One of the most interesting moments was when Stacie Kinder lifted her shirt to show her wash board abs when discussing what it takes to be a professional cheerleader from a physical fitness standpoint. And I learned some interesting dance speak from Tamara Jenkins, who introduced me to the phrase, “if you can’t hear the music”. That phrase refers to those people who are, let us say, not as gifted a dancer as others. So, when describing why a person is a little slow to pick up the routine, you would say, that “perhaps, she can’t hear the music”. It’s code.
The Real Deal 2 Workshop was very interesting and I think a most valuable resource for new cheerleaders. The lasting impression I got from the workshop was that if you don’t love to dance, you won’t enjoy all hard work and dedication that is required to be a professional cheerleader. It’s not all fun and games; it’s a business. A billion dollar a year business, sports and entertainment. It’s an honest and fair look from the organization’s perspective.
With lunch time over, the girls assembled in the grand ballroom for the sponsor’s raffle. Prizes were provided by the Line Up and Go Wild Wear. They consisted of audition wear, tops and bottoms. I quipped to one of the staff, “one size fits all?” She nodded her head. To be sure, all the attendees were fit and trim, so no issues here. But, I just had to ask.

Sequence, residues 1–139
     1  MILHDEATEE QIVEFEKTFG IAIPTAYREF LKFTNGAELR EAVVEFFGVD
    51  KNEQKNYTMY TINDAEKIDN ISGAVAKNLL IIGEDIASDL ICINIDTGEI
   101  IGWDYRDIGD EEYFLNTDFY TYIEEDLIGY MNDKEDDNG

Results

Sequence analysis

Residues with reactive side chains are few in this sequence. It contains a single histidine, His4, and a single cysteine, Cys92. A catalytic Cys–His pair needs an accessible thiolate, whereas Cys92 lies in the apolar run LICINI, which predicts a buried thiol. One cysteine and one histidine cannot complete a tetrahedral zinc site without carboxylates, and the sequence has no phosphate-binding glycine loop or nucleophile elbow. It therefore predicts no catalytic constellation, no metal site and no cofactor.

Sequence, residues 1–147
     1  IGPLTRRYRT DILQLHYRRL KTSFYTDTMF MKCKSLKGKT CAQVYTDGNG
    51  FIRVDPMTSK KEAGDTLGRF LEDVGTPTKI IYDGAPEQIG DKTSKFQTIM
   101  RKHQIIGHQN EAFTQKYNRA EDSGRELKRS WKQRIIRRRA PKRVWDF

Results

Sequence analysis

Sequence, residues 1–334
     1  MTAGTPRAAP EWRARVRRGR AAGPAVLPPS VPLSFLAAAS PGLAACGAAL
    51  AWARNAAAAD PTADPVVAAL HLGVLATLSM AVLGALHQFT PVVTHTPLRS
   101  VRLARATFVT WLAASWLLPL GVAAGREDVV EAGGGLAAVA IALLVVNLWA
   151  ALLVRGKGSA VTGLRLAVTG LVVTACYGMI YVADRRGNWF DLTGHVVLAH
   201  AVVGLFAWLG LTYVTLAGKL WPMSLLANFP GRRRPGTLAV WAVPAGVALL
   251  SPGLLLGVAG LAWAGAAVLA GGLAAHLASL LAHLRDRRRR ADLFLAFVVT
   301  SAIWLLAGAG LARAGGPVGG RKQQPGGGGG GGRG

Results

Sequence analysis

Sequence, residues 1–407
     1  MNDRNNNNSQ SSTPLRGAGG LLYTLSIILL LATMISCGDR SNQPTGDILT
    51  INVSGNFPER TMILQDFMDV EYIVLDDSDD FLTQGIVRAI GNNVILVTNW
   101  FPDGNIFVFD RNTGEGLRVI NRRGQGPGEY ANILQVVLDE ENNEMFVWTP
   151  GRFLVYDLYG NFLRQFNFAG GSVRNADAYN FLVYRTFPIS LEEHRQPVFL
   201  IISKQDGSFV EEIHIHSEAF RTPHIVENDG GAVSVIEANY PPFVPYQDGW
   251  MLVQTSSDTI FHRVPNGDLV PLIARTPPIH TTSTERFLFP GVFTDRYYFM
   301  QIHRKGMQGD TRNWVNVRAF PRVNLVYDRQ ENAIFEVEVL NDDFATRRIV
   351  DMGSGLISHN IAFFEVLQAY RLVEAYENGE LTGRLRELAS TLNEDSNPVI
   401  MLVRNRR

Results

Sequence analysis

Everyone loves a raffle. Well here are two photos that nicely summarize the event. To paraphrase ABC’s Wide World of Sports, “it was the thrill of victory and the agony of defeat”.
After the sponsor’s raffle it was back to the breakout sessions, the last of P-R-O. If you are keeping count, to this point that’s 21 routines and three more to go. In room 1, Tami Krause of the Minnesota Vikings led her group in a pom routine to The Black Eyed Peas song, “Rock That Body”. In room 2, Denise Garvey of the N.Y. Jets Flight Crew demonstrated a jazz routine to the Taio Cruz song, “Break Your Heart”. In room 3, Tracy Rutledge choreographed a sidelines routine for her group.